I've always been skeptical about the viability of these solutions when it comes to displaying high-def and interactive content, especially after seeing how Netgear's Push2TV, which is based on Intel's WiDi technology, shows a significant amount of lag, making it impossible to play games.
However, Amimon's recent demonstration proved that WHDI could seriously change the way we think about indoor entertainment. Amimon is a founding member of the WHDI consortium that makes chips that power WHDI-based wireless solutions.
The company unveiled Tuesday a new WHDI Stick for wireless PC-to-TV connectivity and demonstrated it for me. The stick is about the size about a large USB thumb drive and has one HDMI male port that goes into an HDMI port of a computer (or any playback device that has an HDMI port); it also comes with a USB cable to draw power from a USB port. On the other end, at the high-def TV, there's a receiver that connects to the HDMI port of the TV. These two parts are paired together, and after that they just work as two ends of a HDMI cable, minus the cable itself.
The connection allows for instantly displaying everything from the laptop's screen on the TV without lag. According to Noam Geri, cofounder of Amimon, the actual lag time is less than a millisecond, impossible for human perception to detect. By comparison, the lag time of Intel's WiDi-based solution is about half a second, which makes it impossible to play even a simple game such as Pac-Man.
Geri said this is mostly because Intel's WiDi, as with the case of Netgear's Push2TV, requires an ongoing compression, while WHDI transmits the HDMI signal directly. This also means that WHDI works with any devices that have HDMI ports, while Intel's WiDi only works with PCs with certain Intel processors.
During the demo, a few different movies were played on an HP Netbook, running Intel's low-budget Atom processor. Nonetheless, the wireless connection was able to display perfect content at 1080p resolution on a Samsung HDTV. I noticed there was absolutely no lag time, and the quality was superb.
In all, I couldn't find anything to complain about apart from the fact that, well, you have to use a stick that sticks out of the side of the Netbook.
But that will be taken care of in the near future. Geri revealed that both HP and Asus have adopted the Amimon WHDI solution and it will soon be implemented as an embedded solution. This means computers from these companies will soon have built-in WHDI, much like how most of them have built-in Wi-Fi nowadays.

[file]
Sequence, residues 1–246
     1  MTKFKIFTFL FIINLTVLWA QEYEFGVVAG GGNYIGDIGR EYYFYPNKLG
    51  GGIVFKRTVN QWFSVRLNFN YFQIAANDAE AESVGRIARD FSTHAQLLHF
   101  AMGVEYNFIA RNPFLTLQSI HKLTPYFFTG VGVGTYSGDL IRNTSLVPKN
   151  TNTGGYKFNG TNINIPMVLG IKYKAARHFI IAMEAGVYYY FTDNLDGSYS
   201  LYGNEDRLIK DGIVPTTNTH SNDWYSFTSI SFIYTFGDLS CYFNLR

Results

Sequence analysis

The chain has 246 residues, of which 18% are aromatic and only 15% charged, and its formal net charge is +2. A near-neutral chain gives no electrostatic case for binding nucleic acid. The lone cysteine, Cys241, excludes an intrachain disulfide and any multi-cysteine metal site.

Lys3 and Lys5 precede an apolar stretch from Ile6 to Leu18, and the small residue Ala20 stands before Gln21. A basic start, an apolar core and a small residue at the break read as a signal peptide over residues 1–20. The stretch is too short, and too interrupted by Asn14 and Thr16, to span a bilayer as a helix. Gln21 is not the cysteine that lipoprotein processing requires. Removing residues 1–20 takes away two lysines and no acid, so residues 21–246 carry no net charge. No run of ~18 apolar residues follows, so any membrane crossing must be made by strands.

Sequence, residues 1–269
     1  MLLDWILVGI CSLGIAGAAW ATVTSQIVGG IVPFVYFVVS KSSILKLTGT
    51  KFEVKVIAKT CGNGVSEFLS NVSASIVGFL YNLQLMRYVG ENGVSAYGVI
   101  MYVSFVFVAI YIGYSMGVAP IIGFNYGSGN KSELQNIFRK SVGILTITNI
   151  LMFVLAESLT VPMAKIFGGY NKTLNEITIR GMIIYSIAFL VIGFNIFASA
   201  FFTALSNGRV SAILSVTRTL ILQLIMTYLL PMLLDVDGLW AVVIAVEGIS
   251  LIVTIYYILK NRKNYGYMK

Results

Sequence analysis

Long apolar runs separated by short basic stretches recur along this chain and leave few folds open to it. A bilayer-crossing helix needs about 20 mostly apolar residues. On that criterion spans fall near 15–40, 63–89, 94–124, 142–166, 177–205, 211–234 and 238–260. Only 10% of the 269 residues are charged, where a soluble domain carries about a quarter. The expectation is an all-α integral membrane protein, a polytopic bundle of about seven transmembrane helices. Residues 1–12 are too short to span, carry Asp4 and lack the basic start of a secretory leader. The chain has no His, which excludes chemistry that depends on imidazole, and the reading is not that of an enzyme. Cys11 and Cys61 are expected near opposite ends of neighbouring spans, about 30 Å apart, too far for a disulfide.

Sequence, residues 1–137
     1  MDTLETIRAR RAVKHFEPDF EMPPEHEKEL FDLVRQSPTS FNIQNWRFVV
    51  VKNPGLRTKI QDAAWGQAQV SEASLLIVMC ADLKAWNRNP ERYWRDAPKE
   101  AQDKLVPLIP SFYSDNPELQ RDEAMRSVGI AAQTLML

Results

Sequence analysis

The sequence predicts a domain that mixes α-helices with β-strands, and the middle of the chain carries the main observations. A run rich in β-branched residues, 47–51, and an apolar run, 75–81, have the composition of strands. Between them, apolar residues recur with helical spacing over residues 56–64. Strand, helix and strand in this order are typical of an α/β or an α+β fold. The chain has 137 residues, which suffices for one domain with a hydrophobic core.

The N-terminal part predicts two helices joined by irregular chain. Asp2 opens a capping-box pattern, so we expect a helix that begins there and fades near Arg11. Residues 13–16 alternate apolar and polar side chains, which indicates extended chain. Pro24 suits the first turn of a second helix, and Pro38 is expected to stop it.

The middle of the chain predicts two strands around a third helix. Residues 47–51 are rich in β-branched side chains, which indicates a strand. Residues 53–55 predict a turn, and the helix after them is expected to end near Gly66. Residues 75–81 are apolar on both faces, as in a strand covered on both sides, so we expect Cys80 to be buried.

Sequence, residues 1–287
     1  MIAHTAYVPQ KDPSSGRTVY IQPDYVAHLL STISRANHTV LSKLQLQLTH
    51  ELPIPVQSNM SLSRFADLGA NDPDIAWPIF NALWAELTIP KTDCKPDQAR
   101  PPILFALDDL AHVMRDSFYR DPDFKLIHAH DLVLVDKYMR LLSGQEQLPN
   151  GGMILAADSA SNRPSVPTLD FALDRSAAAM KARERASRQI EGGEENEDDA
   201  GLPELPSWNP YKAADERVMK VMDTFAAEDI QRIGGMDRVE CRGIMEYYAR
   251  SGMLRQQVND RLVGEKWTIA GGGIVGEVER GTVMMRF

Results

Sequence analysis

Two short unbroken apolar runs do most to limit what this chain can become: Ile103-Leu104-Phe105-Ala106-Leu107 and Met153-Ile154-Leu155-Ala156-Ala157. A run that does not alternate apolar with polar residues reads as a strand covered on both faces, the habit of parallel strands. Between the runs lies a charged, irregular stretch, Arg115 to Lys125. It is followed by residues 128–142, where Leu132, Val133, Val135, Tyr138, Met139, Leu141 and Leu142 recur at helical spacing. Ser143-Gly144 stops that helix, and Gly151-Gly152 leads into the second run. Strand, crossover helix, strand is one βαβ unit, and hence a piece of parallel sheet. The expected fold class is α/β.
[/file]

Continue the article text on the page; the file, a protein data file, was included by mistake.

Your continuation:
When this happens, you'll just need the adapter part that connects to the TV. Most TVs in the future, however, will also have built-in WHDI-based wireless receivers. And this means there will be no need for an adapter that sticks out or clutters the space behind your TV.
According to Geri, Amimon's WHDI solution can broadcast video and audio signals to up to 32 receivers at a time, making it a great solution for a TV showroom. The demo also showed that the solution works at a distance as far as 100 feet away even when there are walls between the Netbooks and the TV. The Amimon's WHDI solutions, including the WHDI Stick, support the latest HDMI specification, including the 3D formats required by HDMI 1.4a
The potential doesn't stop there. Geri also demonstrated a prototype that allows one to connect a Samsung phone to the TV for smooth movie playback and gaming. Now imagine when handheld devices, such as the iPhone, iPad, or mobile game consoles, have WHDI built-in; there will be less demand for full-size game consoles such as the Xbox or PlayStation. The console and the controller are now on your hand and you can use any big TV screen, wirelessly, to get your game on.
But that's the future for now; with existing TV and entertainment devices, you can have a real taste of high-def wireless entertainment with the WHDI Stick, which is now available for somewhere between $100 and $150.